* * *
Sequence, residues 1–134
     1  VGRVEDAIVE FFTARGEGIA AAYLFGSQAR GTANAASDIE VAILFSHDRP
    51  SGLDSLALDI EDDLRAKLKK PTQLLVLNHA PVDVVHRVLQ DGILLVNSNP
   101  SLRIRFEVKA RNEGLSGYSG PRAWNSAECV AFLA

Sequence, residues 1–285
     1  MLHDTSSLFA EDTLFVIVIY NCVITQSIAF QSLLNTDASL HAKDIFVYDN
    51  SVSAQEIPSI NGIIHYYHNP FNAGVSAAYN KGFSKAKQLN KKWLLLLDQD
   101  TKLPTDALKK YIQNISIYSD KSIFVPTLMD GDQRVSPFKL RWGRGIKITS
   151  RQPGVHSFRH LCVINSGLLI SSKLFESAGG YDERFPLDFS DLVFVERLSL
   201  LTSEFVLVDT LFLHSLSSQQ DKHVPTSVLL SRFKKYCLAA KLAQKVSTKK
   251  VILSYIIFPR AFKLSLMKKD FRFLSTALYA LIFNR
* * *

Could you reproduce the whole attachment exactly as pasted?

Sequence, residues 1–134
     1  VGRVEDAIVE FFTARGEGIA AAYLFGSQAR GTANAASDIE VAILFSHDRP
    51  SGLDSLALDI EDDLRAKLKK PTQLLVLNHA PVDVVHRVLQ DGILLVNSNP
   101  SLRIRFEVKA RNEGLSGYSG PRAWNSAECV AFLA

Sequence, residues 1–285
     1  MLHDTSSLFA EDTLFVIVIY NCVITQSIAF QSLLNTDASL HAKDIFVYDN
    51  SVSAQEIPSI NGIIHYYHNP FNAGVSAAYN KGFSKAKQLN KKWLLLLDQD
   101  TKLPTDALKK YIQNISIYSD KSIFVPTLMD GDQRVSPFKL RWGRGIKITS
   151  RQPGVHSFRH LCVINSGLLI SSKLFESAGG YDERFPLDFS DLVFVERLSL
   201  LTSEFVLVDT LFLHSLSSQQ DKHVPTSVLL SRFKKYCLAA KLAQKVSTKK
   251  VILSYIIFPR AFKLSLMKKD FRFLSTALYA LIFNR